Natalie Wood And George Segal Are ‘The Last Married Couple In America’ Reviewed

by Rachel Bellwoar

When your couple friends start breaking up, it’s always the football game that suffers. For Mari (Natalie Wood) and Jeff (George Segal) in Gilbert Cabe’s The Last Married Couple in America, their regular football game is almost down to two players. While it hasn’t been lost on them that so many of their friends are getting divorced lately, Mari and Jeff are still happily married, but the stress is getting to them. If they missed the signs in their friends’ marriages, who’s to say their marriage won’t be next? And while the term, FOMO, didn’t exist in the ‘80s, what’s being missed out on in their case is divorce.

Film historian, Lee Gambin, provides the commentary track for Kino Lorber’s release and one of the great points he makes is that Last Married Couple marks a change from all of the films where marriage is the end goal. Here, instead of marriage being pushed, Mari and Jeff are the ones being forced to defend themselves for sticking together (whereas usually it’s the single person who has to defend their single-ness).

While the very first scene in the movie involves a bit of cringe humor where a married man cups a feel and everyone laughs it off, that’s not what Last Married Couple is overall. The ensemble cast is terrific, and John Herman Shaners screenplay gives them a chance to shine, too, from the actress (Jan Jorden) who only appears in one scene to nag Mari and Jeff about working the snack bar, to the actress who plays Jeff’s secretary (Shari Summers). They may not be big roles, but they could’ve been faceless roles and instead they register.

Richard Benjamin is wonderful as Jeff’s misery loves company pal, Merv, while Valerie Harper should be despicable and yet it’s not even a love to hate situation. Somehow Harper makes it impossible to hold Barbara accountable for her actions, even though they’re terrible.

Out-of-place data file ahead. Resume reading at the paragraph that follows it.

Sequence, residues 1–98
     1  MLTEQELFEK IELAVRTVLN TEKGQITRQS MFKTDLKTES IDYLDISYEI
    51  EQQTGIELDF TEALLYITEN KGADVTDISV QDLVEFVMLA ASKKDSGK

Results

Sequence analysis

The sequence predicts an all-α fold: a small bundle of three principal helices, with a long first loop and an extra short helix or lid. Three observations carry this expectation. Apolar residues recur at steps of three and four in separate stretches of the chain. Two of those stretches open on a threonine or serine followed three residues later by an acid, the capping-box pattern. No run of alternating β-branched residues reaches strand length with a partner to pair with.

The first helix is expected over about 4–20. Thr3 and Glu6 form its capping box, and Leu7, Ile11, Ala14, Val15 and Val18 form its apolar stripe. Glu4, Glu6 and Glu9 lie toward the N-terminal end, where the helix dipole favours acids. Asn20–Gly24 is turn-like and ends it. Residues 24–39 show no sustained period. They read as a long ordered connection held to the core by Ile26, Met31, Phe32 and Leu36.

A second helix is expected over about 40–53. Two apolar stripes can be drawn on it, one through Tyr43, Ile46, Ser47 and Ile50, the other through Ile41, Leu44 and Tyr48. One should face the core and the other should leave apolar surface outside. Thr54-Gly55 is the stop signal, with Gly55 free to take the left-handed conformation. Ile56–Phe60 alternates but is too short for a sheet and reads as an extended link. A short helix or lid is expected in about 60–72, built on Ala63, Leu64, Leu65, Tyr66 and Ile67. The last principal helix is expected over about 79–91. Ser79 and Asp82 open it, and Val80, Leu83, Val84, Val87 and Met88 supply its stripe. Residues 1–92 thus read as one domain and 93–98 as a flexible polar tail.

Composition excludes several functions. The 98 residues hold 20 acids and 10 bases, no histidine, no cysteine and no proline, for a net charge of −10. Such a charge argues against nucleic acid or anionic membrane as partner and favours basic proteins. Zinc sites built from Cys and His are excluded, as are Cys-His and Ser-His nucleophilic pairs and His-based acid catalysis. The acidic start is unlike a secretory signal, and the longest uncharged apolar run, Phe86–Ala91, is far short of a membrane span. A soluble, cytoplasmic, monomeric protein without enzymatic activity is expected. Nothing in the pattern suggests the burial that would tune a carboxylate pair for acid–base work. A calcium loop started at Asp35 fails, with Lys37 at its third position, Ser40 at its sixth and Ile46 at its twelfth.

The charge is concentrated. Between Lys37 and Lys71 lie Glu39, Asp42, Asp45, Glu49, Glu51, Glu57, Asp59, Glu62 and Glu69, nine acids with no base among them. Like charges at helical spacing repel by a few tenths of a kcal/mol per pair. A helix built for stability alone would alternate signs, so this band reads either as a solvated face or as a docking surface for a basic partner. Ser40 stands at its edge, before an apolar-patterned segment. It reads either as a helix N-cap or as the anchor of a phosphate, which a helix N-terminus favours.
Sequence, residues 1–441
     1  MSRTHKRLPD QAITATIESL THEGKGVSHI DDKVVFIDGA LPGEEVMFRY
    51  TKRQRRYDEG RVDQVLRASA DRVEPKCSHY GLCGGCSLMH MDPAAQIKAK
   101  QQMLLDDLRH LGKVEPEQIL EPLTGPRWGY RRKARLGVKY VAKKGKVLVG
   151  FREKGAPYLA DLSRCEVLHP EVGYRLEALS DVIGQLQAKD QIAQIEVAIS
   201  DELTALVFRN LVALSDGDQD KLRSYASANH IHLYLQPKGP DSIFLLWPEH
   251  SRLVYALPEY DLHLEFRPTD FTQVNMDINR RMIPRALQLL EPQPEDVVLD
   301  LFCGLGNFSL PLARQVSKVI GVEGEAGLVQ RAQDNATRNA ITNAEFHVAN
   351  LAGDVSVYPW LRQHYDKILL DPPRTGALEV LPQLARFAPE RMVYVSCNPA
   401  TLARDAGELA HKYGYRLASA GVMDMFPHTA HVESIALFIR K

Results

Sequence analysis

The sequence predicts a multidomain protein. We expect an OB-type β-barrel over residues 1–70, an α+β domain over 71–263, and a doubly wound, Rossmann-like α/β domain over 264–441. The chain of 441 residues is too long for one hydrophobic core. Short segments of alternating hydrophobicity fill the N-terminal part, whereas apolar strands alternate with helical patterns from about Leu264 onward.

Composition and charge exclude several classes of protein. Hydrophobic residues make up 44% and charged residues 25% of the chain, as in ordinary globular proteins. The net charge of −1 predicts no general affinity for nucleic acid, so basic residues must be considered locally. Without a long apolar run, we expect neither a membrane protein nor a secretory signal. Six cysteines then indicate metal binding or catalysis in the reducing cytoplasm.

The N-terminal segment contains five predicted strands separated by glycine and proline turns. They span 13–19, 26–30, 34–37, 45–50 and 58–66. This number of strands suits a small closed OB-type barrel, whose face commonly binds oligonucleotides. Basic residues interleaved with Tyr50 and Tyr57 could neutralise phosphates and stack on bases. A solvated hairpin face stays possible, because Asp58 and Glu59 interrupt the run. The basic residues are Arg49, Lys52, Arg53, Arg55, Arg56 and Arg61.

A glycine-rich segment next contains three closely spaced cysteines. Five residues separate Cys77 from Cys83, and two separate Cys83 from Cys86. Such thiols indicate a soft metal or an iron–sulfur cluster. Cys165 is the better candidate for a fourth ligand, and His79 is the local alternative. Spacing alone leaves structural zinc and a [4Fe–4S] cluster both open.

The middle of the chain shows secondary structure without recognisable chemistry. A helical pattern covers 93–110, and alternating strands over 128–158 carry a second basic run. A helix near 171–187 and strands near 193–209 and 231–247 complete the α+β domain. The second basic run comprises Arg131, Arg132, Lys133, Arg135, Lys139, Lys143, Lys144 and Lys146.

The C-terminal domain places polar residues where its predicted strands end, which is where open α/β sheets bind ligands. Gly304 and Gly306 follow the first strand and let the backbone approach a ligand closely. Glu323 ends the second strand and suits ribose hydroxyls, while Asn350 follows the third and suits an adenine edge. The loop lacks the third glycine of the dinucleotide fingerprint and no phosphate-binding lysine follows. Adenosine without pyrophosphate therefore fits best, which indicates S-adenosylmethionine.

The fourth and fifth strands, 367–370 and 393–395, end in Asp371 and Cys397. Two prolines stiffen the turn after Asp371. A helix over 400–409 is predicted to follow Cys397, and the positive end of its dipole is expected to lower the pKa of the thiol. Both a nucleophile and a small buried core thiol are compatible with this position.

Sometimes the film tries a little too hard to be edgy, like when Jeff and Mari discuss a vagina tightening in the stands at a kids soccer game. Only in the movies would that not earn them some looks, but then you have Jeff and Merv discussing their pee streams in a restaurant and it’s completely believable.

The real reason the film works, though, is because it doesn’t just show a bickering couple. Often movies pick up on a couple when they’ve reached their breaking point and the rest of the movie is about whether they’ll reconcile but Mari and Jeff start the film strong. By not skipping over the good times, Cabe makes the rough times even rougher because the audience is given time to invest in their relationship. Take the scene when Jeff comes home for lunch expecting one thing and finds an upset Mari instead. There’s so much going on in that scene (like why Jeff came home in the first place) but in the moment all that matters is Segal and Wood’s chemistry. The rest is temporarily dropped, and that takes some amazing acting to pull off.

From grappling with how honest a couple should be with each other, to giving Mari and Jeff a past (instead of making out like everything was rosy up until now), The Last Married Couple is both a time capsule and relevant to this day.

The Last Married Couple in America is available on Blu-Ray now from Kino Lorber.

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